It shouldn't be this hard keeping your kids alive while you and your spouse try to work.
Not in 2018, when two-income households are the necessary norm in even modestly middle-class communities. Not when you consider how today's parents are steeped in stagnant wages and less economic security than their own parents were a generation ago, when Mom could stay home with the kids without sacrificing the mortgage along the way.
And yet, there they were last month, biologist Samantha Soldan and advertising guy Christoper Hatton, mildly panicking on a Haverford Township train platform as the Center City-bound friends compared notes about news that had just been dumped into their respective families' laps.
Their 8-year-old sons, third-grade buddies at Chatham Park Elementary School, would no longer be welcome to spend afternoons there in the fall. The parents had paid thousands of dollars up till now to have their boys stay before or after school. But money would not fix this problem. Next fall, every after-hours child-care slot at nearly all of Haverford Township's elementary schools had filled up just a few hours after registration began.
About 100 kids in the 11-and-under age range would be kicked to the curb at 3:30 p.m.
Parents would have to figure this out themselves. A daunting task in a densely built, older Delaware County suburb where families are flocking in big numbers to the scarcity that is a relatively affordable home in a strong public school district. Society, in other words, was happily throwing yet another burden onto the shoulders of a generation already buckling under the pressures of a merciless economy.
Hatton, Soldan, and their other anguished parent friends are constantly juggling jobs, kids, and all the frenetic craziness of parenting with no social safety net. But they swarmed this problem immediately with advocacy. They emailed the agency that runs the child-care program, the principal at the school where it is held, and top officials with the school district itself. Can someone please help? they asked.
What they got instead was a rude wake-up call: Being middle class in 21st-century America is like being the B student in high school.
You're invisible unless you start making trouble.
My hope with this column is that policymakers will start giving a damn about these obedient lambs. And not just the ones who run the Haverford school board and township, but anyone who dares to campaign in any election this year as a champion of the middle class.
"The infrastructure is not there to support families with two incomes," said Soldan, 44, whose family of four occupies a 1,400-square-foot home because that is what it can afford.
These are not entitled slacker-elites, if I may co-opt some of the nasty language the hard right uses to describe people who go to school and try to improve their lives near big cities. Between third grader James and 5-year-old Xander, Soldan and her husband shell out about $25,000 a year just for child care so that Mom and Dad can work to support the family.
"Everybody's just at a loss," Hatton, 42, told me after finding my email address on the web a few weeks back to rant. "I just feel like we're at a dead end."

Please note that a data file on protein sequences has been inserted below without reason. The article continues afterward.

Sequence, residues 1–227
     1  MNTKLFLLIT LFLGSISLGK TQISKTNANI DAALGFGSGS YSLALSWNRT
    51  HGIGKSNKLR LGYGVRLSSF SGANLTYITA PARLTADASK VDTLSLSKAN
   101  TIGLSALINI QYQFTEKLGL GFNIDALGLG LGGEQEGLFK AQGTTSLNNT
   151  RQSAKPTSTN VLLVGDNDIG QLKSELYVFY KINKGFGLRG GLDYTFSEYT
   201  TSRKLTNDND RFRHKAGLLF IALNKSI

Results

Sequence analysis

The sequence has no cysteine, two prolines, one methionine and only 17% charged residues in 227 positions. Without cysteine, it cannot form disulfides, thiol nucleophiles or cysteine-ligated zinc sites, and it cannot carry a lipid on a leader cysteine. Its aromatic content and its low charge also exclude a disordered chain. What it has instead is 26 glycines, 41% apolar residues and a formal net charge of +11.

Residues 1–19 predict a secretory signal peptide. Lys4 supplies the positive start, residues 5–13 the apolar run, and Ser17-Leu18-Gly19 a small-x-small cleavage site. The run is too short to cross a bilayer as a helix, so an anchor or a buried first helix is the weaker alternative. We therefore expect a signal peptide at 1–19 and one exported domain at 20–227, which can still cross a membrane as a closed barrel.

Desperation had driven him to find me. And thank God he did.
You don't get heard sometimes if you don't scream.
What I must make absolutely clear here, for starters, is that the school district has done nothing legally wrong.
Districts are under no obligation whatsoever to provide child care, on or off their premises. Those that do, however, have done so in response to emerging needs. Most who do make this amenity available to parents hire contractors to use school grounds. Those contractors run the programs themselves.
Such is the case with Family Support Services in Haverford. And FSS director Jennifer Dorn says demand has surged in just the last three years.
"The need for it has expanded exponentially," Dorn told me. "I just think that there's more families where both parents are working."
FSS can't expand without more space. The district says it has no more space to give.
And when parents emailed both, all they got in return were emailed versions of hand-wringing and lukewarm condolences.
Neil Evans, a four-decade public schools veteran who recently joined Haverford as the head of pupil services, told me the crush of demand in Haverford is unlike anything he's observed at other suburban districts, including Upper Dublin and Hatboro-Horsham.
"I've never seen it to this level," he said.
Why, I kept asking, isn't this a policy priority?
The school district sees fit to help provide the amenity — but washes its hands of the matter once it gets sticky. Parents say there are few other options in town, and the few that do exist appear equally difficult to get into due to extraordinary demand. It's just not a sign of a healthy society to put these kinds of pressures entirely on parents or to expect solutions from a free market that clearly isn't adjusting to meet demand.
Even School Board President Larry Feinberg was initially a tough sell when I asked what the district could do to help.
"I know it's a problem," Feinberg told me. "I don't have a solution."
The world has changed, I told him, since your college-age kids were in school. You and your wife watched them after school because you worked from home, I added. Most parents just don't have that wiggle room.
Feinberg came around.
Maybe the township could find a building, he said. Maybe the district, the township, the school board, and the agency could brainstorm a way out of this tough situation.
"As a policymaker," Feinberg said, "if the demand is there and parents want to come and raise the issue at the township level and at the district level, perhaps we can jointly look at the problem."